Reverting the population decline

“For Russia to be sovereign and strong, there must be more of us,” Vladimir Putin said in his annual address to the Federal Assembly in 2012. Russia's population has been declining since 2018 – primarily due to the low birth rate. The latter, in turn, was caused by the preceding demographic slump of the 1990s: this generation has now reached reproductive age, and it’s reflected in the number of births.

Another likely reason is Russia's second demographic transition which has been ongoing for over two decades and is characterized by a more responsible approach to the implications of sexual relations, better planning of parenthood, later marriages, and an increase in the average age of mothers.

Experts don't believe it will be possible to make an accurate conclusion about the true level of today’s fertility until today's childbearing age group reaches 40-50 years. In addition, experts note the possible role that maternity capital – a system of monetary incentives to young parents in Russia – has played in this process. The financial stimulation of childbearing triggered a shift in parenthood that led to an initial increase in births and an expected subsequent decline.

The Russian authorities seek to address the depopulation issue with a combination of consistent financial stimulation of childbearing and further restrictions on access to abortion. Paradoxically, even before access to induced termination of pregnancy in Russia became limited, the abortion rate had already been on a steady decline over the past three decades.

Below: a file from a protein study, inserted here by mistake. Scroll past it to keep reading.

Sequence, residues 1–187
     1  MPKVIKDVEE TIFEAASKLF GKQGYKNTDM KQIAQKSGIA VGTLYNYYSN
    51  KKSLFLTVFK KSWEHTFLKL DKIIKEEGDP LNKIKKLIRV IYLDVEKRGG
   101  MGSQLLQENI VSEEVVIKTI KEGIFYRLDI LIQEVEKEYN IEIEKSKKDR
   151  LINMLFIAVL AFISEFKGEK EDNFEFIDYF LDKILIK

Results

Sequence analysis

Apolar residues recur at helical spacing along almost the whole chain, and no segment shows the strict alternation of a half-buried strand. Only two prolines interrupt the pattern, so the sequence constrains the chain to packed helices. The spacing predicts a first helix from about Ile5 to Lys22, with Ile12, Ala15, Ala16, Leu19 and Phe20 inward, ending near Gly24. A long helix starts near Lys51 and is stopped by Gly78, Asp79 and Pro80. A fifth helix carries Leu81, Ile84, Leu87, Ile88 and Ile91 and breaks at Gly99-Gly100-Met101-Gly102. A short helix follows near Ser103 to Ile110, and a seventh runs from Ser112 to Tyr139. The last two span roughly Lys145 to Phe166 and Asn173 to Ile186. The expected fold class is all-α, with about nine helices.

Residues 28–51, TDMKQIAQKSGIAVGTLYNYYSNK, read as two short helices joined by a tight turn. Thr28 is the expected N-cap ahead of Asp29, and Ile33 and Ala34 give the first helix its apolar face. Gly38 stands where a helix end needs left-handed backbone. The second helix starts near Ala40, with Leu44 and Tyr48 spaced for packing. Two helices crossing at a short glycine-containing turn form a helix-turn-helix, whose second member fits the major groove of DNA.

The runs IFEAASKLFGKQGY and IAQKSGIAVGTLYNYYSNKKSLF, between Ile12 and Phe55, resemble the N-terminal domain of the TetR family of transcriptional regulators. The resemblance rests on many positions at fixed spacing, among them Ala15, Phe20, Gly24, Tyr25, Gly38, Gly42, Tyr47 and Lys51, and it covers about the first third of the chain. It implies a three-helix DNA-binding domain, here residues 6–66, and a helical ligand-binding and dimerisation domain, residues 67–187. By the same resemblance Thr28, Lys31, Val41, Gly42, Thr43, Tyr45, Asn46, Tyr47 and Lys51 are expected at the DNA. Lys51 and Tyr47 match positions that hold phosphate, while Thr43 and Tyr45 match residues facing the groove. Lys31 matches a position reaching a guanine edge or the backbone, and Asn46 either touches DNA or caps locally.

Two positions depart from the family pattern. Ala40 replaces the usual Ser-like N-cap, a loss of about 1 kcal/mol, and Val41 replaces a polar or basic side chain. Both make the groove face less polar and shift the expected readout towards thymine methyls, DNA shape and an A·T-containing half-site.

Studies show that Russia’s abortion rate showed a downward trend as early as the late 1980s, which accelerated in the mid-1990s and has never been reverted since. In 2015, the number of abortions per 100 births was less than one-fifth of that in 1993.

In 2021, the deputy minister of healthcare announced a one-third decrease in the abortion rate since 2016. From 2021 to 2022, the abortion rate slumped by 3.9%, with a 5.3% dip in the number of medical abortions at will. Russia has not topped the ranking of per capita abortion leaders for a while and even ranks below Sweden and the United States, according to demographer Alexei Raksha. Importantly, Russian statistics include not only induced abortions but also spontaneous abortions (miscarriages), thus overstating Russia's figures relative to other countries.